On Saturday 7th of May it was again time for friendly "Tornien Taisto", in english "Battle of Towers", for the 23rd time, arranged by BirdLife Finland, encompassing 300 bird watching towers throughout the country and over 2,300 people. The battle pits the Finland's bird watching towers against each other to observe the greatest number of bird species in the space of eight hours, from 05:00 to 13:00. This year’s winners were the towers in the western coastal cities of Kokkola and Pori, where over 110 birds were identified.

The inland tower with the highest count of bird species, 96, was located at Sysmäjärvi Lake in the eastern city of Outokumpu.

Over 220 bird species were reported in all this year, with a rare sighting of a small gull native to Siberia and the Arctic the most noteworthy sighting of the day. Ross’s gull (Rhodostethia rosea) was sighted at the Röyhynsuo tower in south-central Janakkala.  It has only been seen eight times in Finland prior, the last time in 2012.

Whinchat near our tower

Our battle started in chilly weather, but lot's of species were still singing around us. Five Black-throated Divers (Gavia arctica) were calling in nearby lake Mallasselkä, two male Grey-headed Woodpeckers (Picus canus) were calling to each other, the other on left side of tower and the other on the right side. Eurasian Wren (Troglodytes troglodytes), Sedge Warbler (Acrocephalus schoenobaenus), Blackcap (Sylvia atricapilla) and many more. After first hour our count was already 50 species!

The new tower of Tykölänjärvi
Photo by Tom Eklund
And when the sun climbed higher, the weather got warmer and finally we had to reduce clothing. It felt like a summer! We got new species almost till the end, of course not with the same speed as in the beginning but the final result was a pleasant surprise for us: 78 species, our best ever result! We could have got even one more if my old IPhone 4 had not ran out of battery: Ville found two Long-tailed Tits close to the tower when he was guiding a visitor group, he tried to call me, but failed... 

We had also a secret weapon in this battle....

Our secret weapon gave us two species: Eurasian Wren and Wood Warbler :)

Here is our full list:

  1. Taiga Bean-Goose (Anser fabalis)  2
    goose sp. (Anser/Chen/Branta sp.)  152
  2. Canada Goose (Branta canadensis)  
  3. Whooper Swan (Cygnus cygnus)  12
  4. Eurasian Wigeon (Anas penelope)  4
  5. Mallard (Anas platyrhynchos)  16
  6. Eurasian Green-winged Teal (Anas crecca)  6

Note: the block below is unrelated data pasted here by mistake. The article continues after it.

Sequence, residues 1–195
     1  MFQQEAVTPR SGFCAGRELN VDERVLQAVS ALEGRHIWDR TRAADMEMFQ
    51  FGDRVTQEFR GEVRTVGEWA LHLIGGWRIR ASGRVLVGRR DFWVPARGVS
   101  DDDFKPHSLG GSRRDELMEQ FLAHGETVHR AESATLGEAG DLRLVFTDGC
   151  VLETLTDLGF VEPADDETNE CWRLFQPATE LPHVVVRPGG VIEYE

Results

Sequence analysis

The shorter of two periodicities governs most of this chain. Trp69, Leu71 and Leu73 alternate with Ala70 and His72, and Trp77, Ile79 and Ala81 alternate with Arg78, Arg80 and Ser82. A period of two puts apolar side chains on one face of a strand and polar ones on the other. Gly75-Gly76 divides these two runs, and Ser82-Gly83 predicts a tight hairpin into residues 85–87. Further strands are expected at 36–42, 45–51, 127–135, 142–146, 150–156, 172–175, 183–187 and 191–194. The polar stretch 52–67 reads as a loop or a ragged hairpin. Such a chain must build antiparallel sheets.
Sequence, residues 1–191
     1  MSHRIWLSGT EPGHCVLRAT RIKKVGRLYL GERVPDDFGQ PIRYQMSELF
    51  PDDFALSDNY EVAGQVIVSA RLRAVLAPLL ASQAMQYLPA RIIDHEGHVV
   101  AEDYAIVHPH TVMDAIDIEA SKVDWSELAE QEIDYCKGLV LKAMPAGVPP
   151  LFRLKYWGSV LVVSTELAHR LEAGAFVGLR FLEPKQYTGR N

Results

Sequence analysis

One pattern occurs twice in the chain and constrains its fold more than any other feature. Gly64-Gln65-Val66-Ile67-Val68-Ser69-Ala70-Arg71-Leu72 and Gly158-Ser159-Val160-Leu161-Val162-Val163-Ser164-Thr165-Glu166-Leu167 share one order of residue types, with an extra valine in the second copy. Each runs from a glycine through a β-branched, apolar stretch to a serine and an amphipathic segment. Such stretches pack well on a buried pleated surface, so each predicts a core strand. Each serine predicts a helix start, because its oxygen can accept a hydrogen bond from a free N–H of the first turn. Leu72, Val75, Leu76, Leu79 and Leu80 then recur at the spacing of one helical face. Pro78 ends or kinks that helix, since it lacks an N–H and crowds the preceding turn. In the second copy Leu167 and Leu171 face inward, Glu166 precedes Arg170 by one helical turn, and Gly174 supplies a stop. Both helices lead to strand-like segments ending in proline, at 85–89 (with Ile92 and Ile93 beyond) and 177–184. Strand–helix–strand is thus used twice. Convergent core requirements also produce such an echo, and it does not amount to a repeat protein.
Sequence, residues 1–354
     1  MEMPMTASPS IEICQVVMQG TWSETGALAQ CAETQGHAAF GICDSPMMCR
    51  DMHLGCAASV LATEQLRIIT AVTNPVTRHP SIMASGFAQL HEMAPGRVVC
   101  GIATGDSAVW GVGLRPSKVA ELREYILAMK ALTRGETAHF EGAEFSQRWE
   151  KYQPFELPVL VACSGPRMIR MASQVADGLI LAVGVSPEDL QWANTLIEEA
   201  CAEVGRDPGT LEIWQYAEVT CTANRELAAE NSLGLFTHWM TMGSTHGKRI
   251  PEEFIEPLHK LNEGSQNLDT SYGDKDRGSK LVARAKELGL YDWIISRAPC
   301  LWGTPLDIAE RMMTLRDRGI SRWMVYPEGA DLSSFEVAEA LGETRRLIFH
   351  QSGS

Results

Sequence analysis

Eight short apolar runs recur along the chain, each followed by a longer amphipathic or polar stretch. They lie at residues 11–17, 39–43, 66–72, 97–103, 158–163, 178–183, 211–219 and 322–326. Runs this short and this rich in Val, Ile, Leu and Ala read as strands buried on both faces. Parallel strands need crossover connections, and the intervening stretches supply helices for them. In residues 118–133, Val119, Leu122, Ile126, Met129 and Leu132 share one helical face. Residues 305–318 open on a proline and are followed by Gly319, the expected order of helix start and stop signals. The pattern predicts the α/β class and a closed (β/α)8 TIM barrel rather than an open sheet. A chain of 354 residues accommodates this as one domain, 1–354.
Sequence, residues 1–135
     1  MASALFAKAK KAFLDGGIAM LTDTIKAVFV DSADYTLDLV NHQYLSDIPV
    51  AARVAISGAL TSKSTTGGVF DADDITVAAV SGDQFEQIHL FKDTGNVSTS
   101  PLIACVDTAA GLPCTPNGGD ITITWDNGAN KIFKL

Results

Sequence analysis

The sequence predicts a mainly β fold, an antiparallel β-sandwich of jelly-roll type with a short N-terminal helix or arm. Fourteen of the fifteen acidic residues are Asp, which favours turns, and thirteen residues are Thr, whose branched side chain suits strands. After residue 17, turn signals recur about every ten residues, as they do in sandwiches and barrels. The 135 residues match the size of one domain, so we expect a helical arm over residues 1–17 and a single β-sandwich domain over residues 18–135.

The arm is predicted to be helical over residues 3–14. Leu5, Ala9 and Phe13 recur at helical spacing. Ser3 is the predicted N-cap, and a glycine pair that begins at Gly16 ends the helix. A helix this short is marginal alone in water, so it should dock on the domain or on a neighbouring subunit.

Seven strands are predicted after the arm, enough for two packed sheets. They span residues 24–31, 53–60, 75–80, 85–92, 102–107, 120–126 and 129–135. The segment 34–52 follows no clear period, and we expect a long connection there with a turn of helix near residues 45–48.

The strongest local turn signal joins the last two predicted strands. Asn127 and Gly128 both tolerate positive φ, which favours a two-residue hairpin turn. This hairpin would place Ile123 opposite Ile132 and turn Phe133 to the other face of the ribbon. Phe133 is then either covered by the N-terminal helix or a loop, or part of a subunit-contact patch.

7. Common Pochard (Aythya ferina)  5
  8. Tufted Duck (Aythya fuligula)  4
  9. Common Goldeneye (Bucephala clangula)  10
  10. Common Merganser (Mergus merganser)  6
  11. Black-throated Diver (Gavia arctica)  6
  12. Great Crested Grebe (Podiceps cristatus)  30
  13. Great Cormorant (Phalacrocorax carbo)  3
  14. Great Bittern (Botaurus stellaris)  1
  15. Osprey (Pandion haliaetus)  3
  16. Eurasian Marsh-Harrier (Circus aeruginosus)  1
  17. Eurasian Sparrowhawk (Accipiter nisus)  1
  18. Spotted Crake (Porzana porzana)  1
  19. Eurasian Coot (Fulica atra)  4
  20. Common Crane (Grus grus)  4
  21. Northern Lapwing (Vanellus vanellus)  9
  22. Common Sandpiper (Actitis hypoleucos)  3
  23. Common Greenshank (Tringa nebularia)  1
  24. Wood Sandpiper (Tringa glareola)  13
  25. Whimbrel (Numenius phaeopus)  1
  26. Ruff (Calidris pugnax)  12
  27. Common Snipe (Gallinago gallinago)  5
  28. Black-headed Gull (Chroicocephalus ridibundus)  10
  29. Little Gull (Hydrocoloeus minutus)  8
  30. Mew Gull (Larus canus)  10
  31. Herring Gull (Larus argentatus)  6
  32. Lesser Black-backed Gull (Larus fuscus)  3
  33. Great Black-backed Gull (Larus marinus)  1
  34. Common Tern (Sterna hirundo)  10
  35. Stock Dove (Columba oenas)  1
  36. Common Wood-Pigeon (Columba palumbus)  30
  37. Lesser Spotted Woodpecker (Dendrocopos minor)  2
  38. Great Spotted Woodpecker (Dendrocopos major)  2
  39. Black Woodpecker (Dryocopus martius)  2
  40. Grey-headed Woodpecker (Picus canus)  2
  41. Common Kestrel (Falco tinnunculus)  2
  42. Eurasian Hobby (Falco subbuteo)  2
  43. Eurasian Jay (Garrulus glandarius)  5
  44. Common Magpie (Pica pica)  4
  45. Eurasian Jackdaw (Corvus monedula)  20
  46. Hooded Crow (Corvus cornix)  10
  47. Common Raven (Corvus corax)  3
  48. Skylark (Alauda arvensis)  2
  49. Barn Swallow (Hirundo rustica)  2     plus 5 unidentified martins or swallows
  50. Willow Tit (Poecile montanus)  1
  51. Blue Tit (Cyanistes caeruleus)  10
  52. Great Tit (Parus major)  10
  53. Eurasian Wren (Troglodytes troglodytes)  1
  54. Goldcrest (Regulus regulus)  1
  55. Willow Warbler (Phylloscopus trochilus)  6
  56. Wood Warbler (Phylloscopus sibilatrix)  1
  57. Sedge Warbler (Acrocephalus schoenobaenus)  2
  58. Eurasian Blackcap (Sylvia atricapilla)  1
  59. Lesser Whitethroat (Sylvia curruca)  1
  60. Robin (Erithacus rubecula)  8
  61. Pied Flycatcher (Ficedula hypoleuca)  1
  62. Whinchat (Saxicola rubetra)  2
  63. Wheatear (Oenanthe oenanthe)  1
  64. Blackbird (Turdus merula)  6
  65. Fieldfare (Turdus pilaris)  10
  66. Redwing (Turdus iliacus)  4
  67. Song Thrush (Turdus philomelos)  8
  68. Starling (Sturnus vulgaris)  5
  69. Dunnock (Prunella modularis)  1
  70. Western Yellow Wagtail (Motacilla flava)  3
  71. White Wagtail (Motacilla alba)  2
  72. Tree Pipit (Anthus trivialis)  3
  73. Yellowhammer (Emberiza citrinella)  4
  74. Reed Bunting (Emberiza schoeniclus)  8
  75. Chaffinch (Fringilla coelebs)  10
  76. Greenfinch (Chloris chloris)  3
  77. Siskin (Spinus spinus)  1
  78. Tree Sparrow (Passer montanus)  3

Next year we don't have to think a second where we will battle :)